My life and adventures in Qatar, my love of Yemen and more...
Sunday, 3 June 2018
Gulf Crisis One year on
One year ago, on 5th June 2017, Saudi Arabia, UAE, Bahrain and Egypt cut ties with Qatar, closing land borders, shipping routes and air space, effectively cutting the country off from established supplies of goods and services. Families were split apart, businesses destroyed and the Gulf Co-operation Council (formed in 1981), once a beacon of stability for the region, plunged into crisis.
Despite the fact that Qatar suffered a 40% drop in imports immediately following the blockade, it quickly secured new supplies from countries such as Turkey, Iran and India and new shipping routes via Oman.
In the meantime the country accelerated its drive towards self sufficiency in food production and now satisfies 92% of demand for milk from local suppliers. In addition, according to local Arabic newspaper Arrayah, Qatar now produces 98% of its need for fresh poultry, 80% fish, 80% dates and 24% of its vegetable needs.
I have noticed the change in the contents of the shelves in supermarkets across Qatar over the last year, from the days immediately following the start of the crisis, when we all stood in mutual confusion in the dairy aisle trying to understand what "sut" was (Turkish for milk).....
.......to today being spoiled for a choice of new local produce, proudly displaying their Qatari branding. Brands such as Baladna, Rawa, Dandy and Ghadeer have rapidly stepped up to expand production after the closure of the Saudi land border cut off all supplies of established brand Almarai.
Baladna in particular has come from a little known farm that began life rearing sheep in 2013, to a huge dairy operation 50kms north of Doha (I passed it on my recent cycling trip) spread across 2.6 million square metres with 20,000 heads of cattle producing milk, yoghurt, cheese and meat. It is now also expanding into poultry and egg production.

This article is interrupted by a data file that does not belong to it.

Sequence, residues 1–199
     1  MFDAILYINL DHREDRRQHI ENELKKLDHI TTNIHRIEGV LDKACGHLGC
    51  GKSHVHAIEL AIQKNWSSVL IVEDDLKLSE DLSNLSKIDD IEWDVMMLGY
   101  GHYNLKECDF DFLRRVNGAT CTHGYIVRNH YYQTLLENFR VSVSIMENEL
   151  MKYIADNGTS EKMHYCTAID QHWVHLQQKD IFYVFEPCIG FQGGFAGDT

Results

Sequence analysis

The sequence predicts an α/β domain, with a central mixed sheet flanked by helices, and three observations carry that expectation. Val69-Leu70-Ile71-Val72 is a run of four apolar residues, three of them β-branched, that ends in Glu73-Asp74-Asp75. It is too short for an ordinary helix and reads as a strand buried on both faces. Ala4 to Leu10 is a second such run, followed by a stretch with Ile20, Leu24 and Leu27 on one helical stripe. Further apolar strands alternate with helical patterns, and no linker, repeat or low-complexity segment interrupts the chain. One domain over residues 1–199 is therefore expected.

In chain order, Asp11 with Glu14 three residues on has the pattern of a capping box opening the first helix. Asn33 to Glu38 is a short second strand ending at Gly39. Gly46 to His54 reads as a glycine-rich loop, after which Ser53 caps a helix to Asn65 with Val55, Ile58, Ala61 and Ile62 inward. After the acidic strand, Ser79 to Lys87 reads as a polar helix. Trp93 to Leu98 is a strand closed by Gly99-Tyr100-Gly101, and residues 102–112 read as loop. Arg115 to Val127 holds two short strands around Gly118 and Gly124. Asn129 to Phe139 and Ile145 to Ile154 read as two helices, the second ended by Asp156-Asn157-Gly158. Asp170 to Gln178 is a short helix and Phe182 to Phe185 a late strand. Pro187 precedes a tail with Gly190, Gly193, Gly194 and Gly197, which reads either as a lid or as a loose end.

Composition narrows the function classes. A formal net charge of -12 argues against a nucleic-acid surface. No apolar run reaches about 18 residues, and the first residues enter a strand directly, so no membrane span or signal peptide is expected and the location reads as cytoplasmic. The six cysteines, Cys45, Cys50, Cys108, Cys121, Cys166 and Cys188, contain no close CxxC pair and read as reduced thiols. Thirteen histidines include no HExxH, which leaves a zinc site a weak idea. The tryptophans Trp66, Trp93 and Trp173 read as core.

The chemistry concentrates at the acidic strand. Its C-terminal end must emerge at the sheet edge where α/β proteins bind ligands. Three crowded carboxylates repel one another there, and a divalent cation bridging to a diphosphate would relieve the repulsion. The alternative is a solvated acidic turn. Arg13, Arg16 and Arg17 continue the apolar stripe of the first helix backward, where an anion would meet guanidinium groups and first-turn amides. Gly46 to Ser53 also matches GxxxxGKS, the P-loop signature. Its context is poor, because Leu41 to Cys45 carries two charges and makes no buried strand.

The operation is open to visitors alongside a park with activities for kids, a small zoo and a restaurant selling the food produced on site. All these efforts have resulted in a 300 percent rise in the sale of Qatari products in the first quarter of 2018 compared to 2017.
A professor of economy at St Mary's college of California, Jack Rasmus, has praised Qatar for its swift adjustment to the crisis, believing that the blockade "wont have much effect on the economy" in the long run. Indeed, in February the ratings agency Fitch said about Qatar "there are signs of broader economic resilience."
The success of the self-sufficiency drive has emboldened Qatar to make an announcement a few days ago that all traders should stop dealing in any products imported from the four countries involved. Some products from these countries had found their way back to the shelves via third party countries but the ban of these products will now be monitored by the Economy Ministry.
In other areas, its not such good news. In April, Qatar Airways CEO Akbar Al-bakr admitted that the airline had made a "substantial" loss over the last financial year due to the crisis, with many of its routes cancelled by the participating countries, and increases on flying times to other destinations due to airspace restrictions.